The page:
"Now, all of sudden, what was a deviation is normative, and what was the underbelly is now the face of whatever the celebrity wants to do. The dark side becomes the light side, the shadow becomes the persona," Fischoff said. "It's that kind of reversal of fortunes which is problematic for the paparazzi."
Ever since Princess Diana was killed in Paris during a 1997 car chase by photographers, paparazzi also have been targeted by an array of laws in California -- a world capital of entertainment -- that bear down on aggressive behavior.
Under the most recent law -- the third in the last five years alone -- the state imposed additional penalties for photographers who drive recklessly in pursuit of a picture or who swarm or create "false imprisonment" around a celebrity.
The 2010 law was sponsored by U.S. Rep. Karen Bass (D-Los Angeles) when she was in the California Assembly. Actress Jennifer Anniston and other celebrities contacted her about how paparazzi conduct was becoming a major safety concern, Bass said.
A recent legal analysis of the new legislation said it violates the First Amendment and that existing laws already address any aggressive behavior by paparazzi.
"In taking steps further than these general laws, lawmakers seek to save the people from their 'appetite to learn about even the most mundane details of the celebrities' lives' and, in the process, trample on the First Amendment," according to the analysis, which appeared in the Loyola of Los Angeles Entertainment Law Review following a recent Loyola Law School forum on the law.
"This law was in no way intended to infringe on the First Amendment rights of the press, but rather impose a penalty on photographers whose motive is to exploit celebrities using devious practices," she told CNN in a written response to questions.
"The tactics paparazzi use to obtain photos of celebrities are often careless and create a severe risk to the public," she wrote. "The paparazzi began engaging in high-speed pursuits and causing near accidents merely to take photos, more recently with actress Tori Spelling who was involved in an accident due to the paparazzi's over-aggressive conduct."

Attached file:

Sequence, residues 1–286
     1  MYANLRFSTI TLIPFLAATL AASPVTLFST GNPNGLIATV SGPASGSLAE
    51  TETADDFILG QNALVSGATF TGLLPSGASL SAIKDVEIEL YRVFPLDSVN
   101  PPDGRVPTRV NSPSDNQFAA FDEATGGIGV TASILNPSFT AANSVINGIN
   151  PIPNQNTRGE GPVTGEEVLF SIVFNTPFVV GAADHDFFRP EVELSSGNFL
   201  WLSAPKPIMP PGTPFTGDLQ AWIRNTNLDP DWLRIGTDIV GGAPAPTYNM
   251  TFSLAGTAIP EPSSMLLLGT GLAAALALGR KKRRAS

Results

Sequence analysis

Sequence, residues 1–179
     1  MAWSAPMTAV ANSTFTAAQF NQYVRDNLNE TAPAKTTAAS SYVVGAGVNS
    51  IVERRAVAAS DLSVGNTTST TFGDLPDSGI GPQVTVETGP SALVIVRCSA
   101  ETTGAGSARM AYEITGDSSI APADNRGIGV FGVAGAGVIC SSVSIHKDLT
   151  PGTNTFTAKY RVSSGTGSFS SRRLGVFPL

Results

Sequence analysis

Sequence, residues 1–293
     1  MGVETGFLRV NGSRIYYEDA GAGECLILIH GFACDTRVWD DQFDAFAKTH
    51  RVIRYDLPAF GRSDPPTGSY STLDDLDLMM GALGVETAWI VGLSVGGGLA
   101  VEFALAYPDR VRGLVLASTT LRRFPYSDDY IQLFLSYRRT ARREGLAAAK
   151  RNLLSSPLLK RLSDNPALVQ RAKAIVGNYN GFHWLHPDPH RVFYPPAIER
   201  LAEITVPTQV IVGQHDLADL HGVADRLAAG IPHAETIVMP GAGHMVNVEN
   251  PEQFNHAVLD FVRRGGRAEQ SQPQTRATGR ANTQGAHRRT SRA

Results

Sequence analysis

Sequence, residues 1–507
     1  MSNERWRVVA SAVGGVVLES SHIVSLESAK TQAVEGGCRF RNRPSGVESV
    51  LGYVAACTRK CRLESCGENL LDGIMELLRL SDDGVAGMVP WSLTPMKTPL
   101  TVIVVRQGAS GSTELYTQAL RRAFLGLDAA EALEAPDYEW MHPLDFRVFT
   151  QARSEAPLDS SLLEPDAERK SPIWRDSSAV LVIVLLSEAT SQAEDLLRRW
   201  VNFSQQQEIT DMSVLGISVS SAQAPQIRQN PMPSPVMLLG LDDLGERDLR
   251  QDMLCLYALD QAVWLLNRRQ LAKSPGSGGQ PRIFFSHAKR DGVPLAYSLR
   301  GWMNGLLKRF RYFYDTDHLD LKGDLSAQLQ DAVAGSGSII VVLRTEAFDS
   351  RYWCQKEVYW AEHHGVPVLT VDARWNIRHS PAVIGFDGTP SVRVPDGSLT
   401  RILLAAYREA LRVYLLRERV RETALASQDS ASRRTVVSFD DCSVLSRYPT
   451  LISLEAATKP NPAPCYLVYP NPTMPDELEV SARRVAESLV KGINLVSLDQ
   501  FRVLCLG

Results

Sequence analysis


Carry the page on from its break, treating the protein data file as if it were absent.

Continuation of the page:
As one might expect, Woody is a fierce critic of the anti-paparazzi laws and the celebrities who seek them.
"People think that the paparazzi, while individually may be unsavory, their entire product is believable," he says. "It has veracity because they know we're not going to go out and make something up."
His work, he says, represents "the voice of the people."
Woody's office walls are covered with a proud mess of newspaper and tabloid clippings bearing his photographs of Charlie Sheen, Brad Pitt, Elizabeth Taylor, George Clooney, Paris Hilton, among others. Two computer monitors flash similar scoops.
Sitting behind his desk, the longtime paparazzo speaks with bravado. He boasts a treasured archive and says he's the oldest pap still working the Hollywood night scene.
In fact, his best work is done at 2 a.m. -- when the bars close and celebrities are likely to get into trouble, he says.
"We're getting the news like the way real reporters used to do it," Woody said. "I'll tell you, we got beat up and harassed and cops put on us and security guards put on us, but we finally got respect when guys like Mark Wahlberg realized what value we are and put out the word to their buddies."
Wahlberg, an actor, is executive producer of "Entourage."
While Wahlberg wasn't available for comment, Beverly Hills public relations specialist Elliot Mintz says he always encourages his celebrity clients to speak with Woody, whom he described as the oldest and longest working paparazzo in Hollywood.
"He doesn't spin or trade out a story. He's old guard," said Mintz, 66, who worked as a Los Angeles radio show host and KABC entertainment reporter in the 1960s and '70s.
Woody isn't like some paparazzi who "are out there to get the mean money-shot, which is out to humiliate" a celebrity, Mintz said. "That's their purpose, how can we make those people look bad. That's not Woody's purpose."
Credit Woody's work ethic and longevity to his Green Beret background in the Vietnam War, where he served from 1968 to 1969 as a special forces medic and later a platoon and company commander who helped train 1,700 Montagnard mercenaries, a hill tribe that fought alongside U.S. and South Vietnamese forces.
It was during his tour in Vietnam that he learned photography from comrade and Army photographer Robert Skinner, who taught him the finer points on a Leica single lens reflex camera and eventually joined Woody on the 5th Mobile Strike Force. Woody also attributes his interest to his father, Burtis, a World War II veteran who later joined the Air Force and trained as a photographer.